David Bourget (Western Ontario)
David Chalmers (ANU, NYU)
Rafael De Clercq
Jack Alan Reynolds
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Classical Quarterly 46 (01):114- (1996)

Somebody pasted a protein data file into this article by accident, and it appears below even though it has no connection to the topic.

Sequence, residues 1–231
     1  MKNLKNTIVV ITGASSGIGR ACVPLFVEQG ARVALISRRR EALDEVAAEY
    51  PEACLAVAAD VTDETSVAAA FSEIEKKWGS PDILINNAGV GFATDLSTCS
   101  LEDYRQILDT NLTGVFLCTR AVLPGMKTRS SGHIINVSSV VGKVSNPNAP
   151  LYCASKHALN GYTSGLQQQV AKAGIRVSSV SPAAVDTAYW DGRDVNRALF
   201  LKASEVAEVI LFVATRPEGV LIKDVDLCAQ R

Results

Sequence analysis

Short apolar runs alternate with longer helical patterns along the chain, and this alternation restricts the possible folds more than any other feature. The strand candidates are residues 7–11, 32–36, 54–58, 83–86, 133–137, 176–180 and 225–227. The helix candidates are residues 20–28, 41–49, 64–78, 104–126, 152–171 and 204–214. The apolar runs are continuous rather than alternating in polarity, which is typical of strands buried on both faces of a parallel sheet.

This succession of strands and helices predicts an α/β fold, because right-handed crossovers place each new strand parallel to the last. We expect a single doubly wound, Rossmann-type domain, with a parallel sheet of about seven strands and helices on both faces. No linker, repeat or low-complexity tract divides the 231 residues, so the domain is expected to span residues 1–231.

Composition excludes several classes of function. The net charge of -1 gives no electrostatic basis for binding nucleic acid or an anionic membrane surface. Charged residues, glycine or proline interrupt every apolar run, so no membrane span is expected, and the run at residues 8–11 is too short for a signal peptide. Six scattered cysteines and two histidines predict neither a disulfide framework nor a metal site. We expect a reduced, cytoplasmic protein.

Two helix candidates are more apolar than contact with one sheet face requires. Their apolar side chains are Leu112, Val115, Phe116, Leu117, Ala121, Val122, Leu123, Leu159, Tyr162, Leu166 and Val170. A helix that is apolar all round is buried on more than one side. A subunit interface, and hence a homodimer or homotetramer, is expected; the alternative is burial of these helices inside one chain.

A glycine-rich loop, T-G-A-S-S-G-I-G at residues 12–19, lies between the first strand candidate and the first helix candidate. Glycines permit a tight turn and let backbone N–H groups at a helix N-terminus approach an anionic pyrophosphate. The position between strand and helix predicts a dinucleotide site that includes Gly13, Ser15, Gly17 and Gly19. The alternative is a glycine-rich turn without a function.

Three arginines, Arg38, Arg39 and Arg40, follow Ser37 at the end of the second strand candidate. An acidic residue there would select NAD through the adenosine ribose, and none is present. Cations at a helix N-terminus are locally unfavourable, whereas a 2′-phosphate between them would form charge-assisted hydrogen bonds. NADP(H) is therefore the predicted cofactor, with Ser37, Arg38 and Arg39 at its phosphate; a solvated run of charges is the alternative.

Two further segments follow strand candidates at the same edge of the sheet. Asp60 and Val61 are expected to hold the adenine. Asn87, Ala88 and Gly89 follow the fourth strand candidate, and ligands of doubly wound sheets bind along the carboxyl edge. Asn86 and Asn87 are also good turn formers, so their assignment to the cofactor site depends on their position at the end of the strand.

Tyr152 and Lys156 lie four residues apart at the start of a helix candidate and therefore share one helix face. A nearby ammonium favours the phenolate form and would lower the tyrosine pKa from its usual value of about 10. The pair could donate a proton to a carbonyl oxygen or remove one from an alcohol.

Presocratic philosophy, for all its diverse features, is united by the quest to understand the origin and nature of the world. The approach of the Pythagoreans to this quest is governed by their belief, probably based on studies of the numerical relations in musical harmony, that number or numerical structure plays a key role for explaining the world-order, the cosmos. It remains questionable to what extent the Pythagoreans, by positing number as an all-powerful explanatory concept, broke free from Presocratic ideas that certain stuffs or material elements sufficed to account for the source and constitution of the world, but apparently number found such a universal application with them that Aristotle could summarize the Pythagorean position as ‘numbers…are the whole universe’ . Historians of Greek philosophy have generally accepted Aristotle's assessment. Of late, however, certain scholars have argued that the Pythagorean number doctrine is Aristotelian interpretation, unjustly foisted upon the Pythagoreans. Enlisted in support of their arguments are the fragments of Philolaus of Croton. Here we have the foremost representative of fifth-century Pythagoreanism, who states as his basic principles, not numbers exactly, but ‘limiters’ and ‘unlimiteds’, and who, it is argued, regards number solely as an epistemological aid for understanding the structure of reality. So Philolaus is called upon as a witness against Aristotle. The rationale goes something like this: Aristotle most likely had written sources for his knowledge of Pythagorean teachings; the only texts we know of with any certainty are Philolaus' book and the writings of Archytas; since Aristotle treats Archytas separately, he is mainly relying on Philolaus; because Philolaus does not expressly state that things are numbers, Aristotle's interpretation is wrong.
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